o instanceof Object // true, because:
C.prototype instanceof Object // true

// Re-assign `constructor.prototype`: you should
// rarely do this in practice.
C.prototype = {};
const o2 = new C();

o2 instanceof C // true

// false, because C.prototype is nowhere in
// o's prototype chain anymore
o instanceof C

D.prototype = new C() // add C to [[Prototype]] linkage of D
const o3 = new D();
o3 instanceof D // true
o3 instanceof C // true since C.prototype is now in o3's prototype chain
class A {}
class B extends A {}

const o1 = new A();
// true, because Object.getPrototypeOf(o1) === A.prototype
o1 instanceof A
// false, because B.prototype is nowhere in o1's prototype chain
o1 instanceof B

const o2 = new B();
// true, because Object.getPrototypeOf(Object.getPrototypeOf(o2)) === A.prototype
o2 instanceof A
// true, because Object.getPrototypeOf(o2) === B.prototype
o2 instanceof B
// This class allows plain objects to be disguised as this class's instance,
// as long as the object has a particular flag as its property.
class Forgeable {
   static isInstanceFlag = Symbol("isInstanceFlag");

   static[Symbol.hasInstance](obj) {
      return Forgeable.isInstanceFlag in obj;

const obj = {
   [Forgeable.isInstanceFlag]: true
console.log(obj instanceof Forgeable); // true
const literalString = 'This is a literal string';
const stringObject = new String('String created with constructor');

literalString instanceof String; // false, string primitive is not a String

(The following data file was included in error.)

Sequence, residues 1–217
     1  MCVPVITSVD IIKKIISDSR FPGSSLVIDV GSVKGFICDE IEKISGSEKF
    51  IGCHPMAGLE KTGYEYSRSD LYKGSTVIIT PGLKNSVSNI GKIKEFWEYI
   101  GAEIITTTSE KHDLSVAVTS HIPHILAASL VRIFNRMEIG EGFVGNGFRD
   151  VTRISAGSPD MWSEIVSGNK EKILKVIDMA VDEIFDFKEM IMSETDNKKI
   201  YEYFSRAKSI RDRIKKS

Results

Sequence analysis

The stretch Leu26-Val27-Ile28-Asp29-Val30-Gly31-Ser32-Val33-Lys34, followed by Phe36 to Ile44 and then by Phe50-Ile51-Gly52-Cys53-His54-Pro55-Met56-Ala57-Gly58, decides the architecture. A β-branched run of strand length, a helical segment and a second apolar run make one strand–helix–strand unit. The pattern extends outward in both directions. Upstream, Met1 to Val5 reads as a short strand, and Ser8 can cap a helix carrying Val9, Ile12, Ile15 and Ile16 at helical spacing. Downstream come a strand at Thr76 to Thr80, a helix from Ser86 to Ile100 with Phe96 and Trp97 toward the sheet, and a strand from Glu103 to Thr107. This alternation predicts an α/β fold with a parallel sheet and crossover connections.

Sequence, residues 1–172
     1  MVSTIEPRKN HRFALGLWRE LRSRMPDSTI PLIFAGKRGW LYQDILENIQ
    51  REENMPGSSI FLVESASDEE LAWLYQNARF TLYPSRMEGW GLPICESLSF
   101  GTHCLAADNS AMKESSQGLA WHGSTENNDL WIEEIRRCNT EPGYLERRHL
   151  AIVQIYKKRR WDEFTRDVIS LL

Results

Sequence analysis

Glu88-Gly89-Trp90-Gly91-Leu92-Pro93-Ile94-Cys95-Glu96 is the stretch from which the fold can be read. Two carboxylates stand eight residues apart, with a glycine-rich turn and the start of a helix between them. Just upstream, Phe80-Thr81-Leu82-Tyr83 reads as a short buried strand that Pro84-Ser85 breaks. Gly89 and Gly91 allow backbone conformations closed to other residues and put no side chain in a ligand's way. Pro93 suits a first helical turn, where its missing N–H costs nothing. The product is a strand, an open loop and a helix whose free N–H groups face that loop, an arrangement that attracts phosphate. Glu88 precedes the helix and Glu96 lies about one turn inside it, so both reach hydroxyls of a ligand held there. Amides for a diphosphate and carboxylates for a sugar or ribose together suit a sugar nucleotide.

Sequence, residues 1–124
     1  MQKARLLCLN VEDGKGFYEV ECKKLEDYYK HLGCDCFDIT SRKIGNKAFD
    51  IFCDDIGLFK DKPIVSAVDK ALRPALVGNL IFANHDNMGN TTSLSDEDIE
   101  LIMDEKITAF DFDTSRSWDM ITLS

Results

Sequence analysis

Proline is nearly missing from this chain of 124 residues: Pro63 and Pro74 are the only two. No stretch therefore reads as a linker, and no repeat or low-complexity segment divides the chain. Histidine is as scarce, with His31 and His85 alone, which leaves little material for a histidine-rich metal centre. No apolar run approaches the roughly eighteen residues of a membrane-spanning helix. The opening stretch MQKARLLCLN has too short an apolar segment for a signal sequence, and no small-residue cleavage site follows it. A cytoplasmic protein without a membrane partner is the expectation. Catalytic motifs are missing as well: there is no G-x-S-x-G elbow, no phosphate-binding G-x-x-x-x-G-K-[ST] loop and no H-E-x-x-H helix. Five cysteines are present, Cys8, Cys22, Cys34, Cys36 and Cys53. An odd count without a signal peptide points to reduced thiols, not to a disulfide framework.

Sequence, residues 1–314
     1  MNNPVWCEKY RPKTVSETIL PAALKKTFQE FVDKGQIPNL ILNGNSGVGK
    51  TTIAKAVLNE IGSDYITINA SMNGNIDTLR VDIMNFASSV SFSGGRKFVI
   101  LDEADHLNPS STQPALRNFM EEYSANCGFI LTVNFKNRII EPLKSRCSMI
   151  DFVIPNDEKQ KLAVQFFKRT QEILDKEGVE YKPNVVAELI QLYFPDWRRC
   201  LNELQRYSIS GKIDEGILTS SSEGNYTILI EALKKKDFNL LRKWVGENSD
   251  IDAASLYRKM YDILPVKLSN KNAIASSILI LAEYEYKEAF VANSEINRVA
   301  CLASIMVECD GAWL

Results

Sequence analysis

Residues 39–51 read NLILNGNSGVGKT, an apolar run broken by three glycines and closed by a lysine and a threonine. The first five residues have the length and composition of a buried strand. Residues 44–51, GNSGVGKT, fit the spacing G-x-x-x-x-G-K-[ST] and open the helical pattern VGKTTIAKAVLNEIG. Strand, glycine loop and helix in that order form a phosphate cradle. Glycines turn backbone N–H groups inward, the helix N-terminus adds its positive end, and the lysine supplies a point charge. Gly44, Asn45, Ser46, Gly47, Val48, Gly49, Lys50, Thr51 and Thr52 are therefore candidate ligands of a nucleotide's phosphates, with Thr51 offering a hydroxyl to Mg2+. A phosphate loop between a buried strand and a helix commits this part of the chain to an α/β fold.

stringObject instanceof String; // true

literalString instanceof Object; // false, string primitive is not an Object
stringObject instanceof Object; // true

stringObject instanceof Date; // false
const myDate = new Date();

myDate instanceof Date; // true
myDate instanceof Object; // true
myDate instanceof String; // false

Suggestion : 4

If a method declares a non-void return type, it must return a value compatible with the declared return type.,A method must declare a return type. A void return type means the method doesn’t return anything.,Methods can return values. Every method is declared with a return type, but until now we’ve made all of our methods with a void return type, which means they don’t give anything back.,If you declare a method to return a value, you must return a value of the declared type! (Or a value that is compatible with the declared type. We’ll get into that more when we talk about polymorphism in Chapter 7 and Chapter 8.)